Coca-Cola investing in worker health

Beverage giant commissioned pilot study to support employee musculoskeletal health

Coca-Cola investing in worker health
The brand revealed the results of the study in January.

Coca Cola’s Environment, Health and Safety (EHS) lead implemented a pilot study at their plants in Honolulu (Hawaii), Paw Paw (Michigan) and Auburndale (Florida) to test the benefits of wearing adjustable orthotics at work. More specifically, the study concerns ergonomic insole technology SelectFlex made by the Alliance Design & Development Group (ADDG). This is part of Coca Cola’s focus on supporting employee musculoskeletal health.

“We applaud Coca-Cola’s EHS team for their initiative and continuing to raise the bar on innovative safety programs,” said Barry Renow, CEO of ADDG.

The brand revealed the results of the study in January.

Read more: Workplace ergonomics: Four key things to consider

To conduct the pilot study, the beverage company enlisted a sampling on employees from each plant, notably focusing on workers whose jobs require standing for the majority of their shift. Groups were also balanced in gender and age (with workers primarily aged between 25 and 45).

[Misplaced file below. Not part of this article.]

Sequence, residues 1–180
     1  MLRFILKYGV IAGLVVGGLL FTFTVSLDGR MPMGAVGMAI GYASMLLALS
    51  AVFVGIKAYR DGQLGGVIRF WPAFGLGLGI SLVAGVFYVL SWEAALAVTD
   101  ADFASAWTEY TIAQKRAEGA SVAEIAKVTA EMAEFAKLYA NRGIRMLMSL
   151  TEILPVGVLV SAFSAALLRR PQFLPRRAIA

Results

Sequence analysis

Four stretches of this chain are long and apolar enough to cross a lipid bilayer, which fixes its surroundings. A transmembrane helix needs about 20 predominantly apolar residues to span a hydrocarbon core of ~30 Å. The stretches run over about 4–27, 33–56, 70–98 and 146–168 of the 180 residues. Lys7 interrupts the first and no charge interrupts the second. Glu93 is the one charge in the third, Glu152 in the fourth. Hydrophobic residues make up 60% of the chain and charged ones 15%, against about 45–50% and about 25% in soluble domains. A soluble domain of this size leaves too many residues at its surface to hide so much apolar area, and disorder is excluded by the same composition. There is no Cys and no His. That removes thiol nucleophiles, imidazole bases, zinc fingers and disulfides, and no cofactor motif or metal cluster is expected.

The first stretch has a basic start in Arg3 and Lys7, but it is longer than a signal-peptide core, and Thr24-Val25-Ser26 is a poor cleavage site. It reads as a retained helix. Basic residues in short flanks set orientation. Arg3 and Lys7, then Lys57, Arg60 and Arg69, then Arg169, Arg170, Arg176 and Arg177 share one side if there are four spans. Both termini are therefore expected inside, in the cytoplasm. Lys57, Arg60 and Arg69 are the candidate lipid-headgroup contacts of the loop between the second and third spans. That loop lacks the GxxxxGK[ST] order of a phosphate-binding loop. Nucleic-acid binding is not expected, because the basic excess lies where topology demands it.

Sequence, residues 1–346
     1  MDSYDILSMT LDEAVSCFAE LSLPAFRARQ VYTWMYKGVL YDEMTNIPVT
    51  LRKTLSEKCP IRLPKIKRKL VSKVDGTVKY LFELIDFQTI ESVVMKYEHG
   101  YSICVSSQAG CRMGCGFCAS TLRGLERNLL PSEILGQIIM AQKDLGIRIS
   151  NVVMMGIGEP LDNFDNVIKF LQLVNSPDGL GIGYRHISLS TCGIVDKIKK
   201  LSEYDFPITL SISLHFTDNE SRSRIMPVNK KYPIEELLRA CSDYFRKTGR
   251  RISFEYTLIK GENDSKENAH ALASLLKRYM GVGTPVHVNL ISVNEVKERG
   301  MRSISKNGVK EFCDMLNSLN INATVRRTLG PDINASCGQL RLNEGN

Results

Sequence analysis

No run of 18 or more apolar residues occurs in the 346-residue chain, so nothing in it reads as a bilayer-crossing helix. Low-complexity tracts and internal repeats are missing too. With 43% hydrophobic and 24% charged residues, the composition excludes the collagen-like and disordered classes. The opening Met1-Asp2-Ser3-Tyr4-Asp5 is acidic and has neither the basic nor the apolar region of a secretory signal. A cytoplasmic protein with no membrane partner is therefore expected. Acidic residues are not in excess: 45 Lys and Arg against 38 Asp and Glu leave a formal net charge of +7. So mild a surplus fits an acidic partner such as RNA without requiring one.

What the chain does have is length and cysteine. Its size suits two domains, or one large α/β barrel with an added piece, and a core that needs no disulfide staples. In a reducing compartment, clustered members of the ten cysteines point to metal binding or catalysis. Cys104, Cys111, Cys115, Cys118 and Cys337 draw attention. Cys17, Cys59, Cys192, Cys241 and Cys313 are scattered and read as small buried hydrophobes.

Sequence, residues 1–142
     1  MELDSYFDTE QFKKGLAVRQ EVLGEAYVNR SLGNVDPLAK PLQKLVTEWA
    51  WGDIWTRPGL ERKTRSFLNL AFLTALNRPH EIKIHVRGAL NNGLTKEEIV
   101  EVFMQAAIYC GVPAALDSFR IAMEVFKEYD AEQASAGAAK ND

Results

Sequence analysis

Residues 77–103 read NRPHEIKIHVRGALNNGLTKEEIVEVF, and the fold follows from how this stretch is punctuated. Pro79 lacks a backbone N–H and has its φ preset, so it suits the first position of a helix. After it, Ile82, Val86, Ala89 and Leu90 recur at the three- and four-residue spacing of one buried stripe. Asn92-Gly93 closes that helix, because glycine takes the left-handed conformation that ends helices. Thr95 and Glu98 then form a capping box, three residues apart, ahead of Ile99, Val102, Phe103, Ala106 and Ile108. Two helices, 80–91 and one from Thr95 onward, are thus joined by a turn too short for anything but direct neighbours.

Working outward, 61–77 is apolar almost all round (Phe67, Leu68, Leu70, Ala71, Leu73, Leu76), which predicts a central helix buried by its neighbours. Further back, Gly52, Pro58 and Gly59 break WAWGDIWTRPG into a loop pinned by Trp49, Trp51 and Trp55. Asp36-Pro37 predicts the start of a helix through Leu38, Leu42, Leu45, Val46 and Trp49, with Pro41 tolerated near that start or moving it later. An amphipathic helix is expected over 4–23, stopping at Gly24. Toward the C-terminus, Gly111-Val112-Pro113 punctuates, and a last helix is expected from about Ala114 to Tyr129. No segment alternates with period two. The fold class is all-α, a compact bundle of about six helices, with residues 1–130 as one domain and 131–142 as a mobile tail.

Additional demographic criteria included:

  • Occupation activity level
  • Shoe usage
  • Foot arch characteristic
  • Pre-existing health conditions (a number of test subjects reported recurring issues including flat feet, lower back pain and plantar fasciitis*).

Once the subjects were chosen, they were then instructed to wear ADDG’s SelectFlex insoles for two consecutive weeks whilst they were surveyed and their views were documented.

Read more: Good ergonomics is good business

Following the pilot study, results found that almost 100 per cent of participants noticed a marked difference in support due to the use of an arch insole. Around 75 per cent of that group felt that the arch insole was comfortable to wear. Lastly, the study revealed that participants’ foot arch type was an important aspect to consider.

Employers are becoming increasingly interested in supporting employees’ ergonomic needs, as poor ergonomic support can exacerbate current health issues workers may be facing, or create a number of musculoskeletal disorders in the long term.

*Plantar fasciitis is one of the most common causes of heel pain.